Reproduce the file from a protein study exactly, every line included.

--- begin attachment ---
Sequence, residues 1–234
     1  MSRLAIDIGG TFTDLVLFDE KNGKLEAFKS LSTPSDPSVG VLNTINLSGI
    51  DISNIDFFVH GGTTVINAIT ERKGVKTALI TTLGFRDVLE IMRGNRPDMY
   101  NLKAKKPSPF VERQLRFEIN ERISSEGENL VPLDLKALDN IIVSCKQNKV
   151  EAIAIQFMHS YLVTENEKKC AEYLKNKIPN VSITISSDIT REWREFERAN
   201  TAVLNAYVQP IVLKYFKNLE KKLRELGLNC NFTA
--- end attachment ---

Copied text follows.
Sequence, residues 1–234
     1  MSRLAIDIGG TFTDLVLFDE KNGKLEAFKS LSTPSDPSVG VLNTINLSGI
    51  DISNIDFFVH GGTTVINAIT ERKGVKTALI TTLGFRDVLE IMRGNRPDMY
   101  NLKAKKPSPF VERQLRFEIN ERISSEGENL VPLDLKALDN IIVSCKQNKV
   151  EAIAIQFMHS YLVTENEKKC AEYLKNKIPN VSITISSDIT REWREFERAN
   201  TAVLNAYVQP IVLKYFKNLE KKLRELGLNC NFTA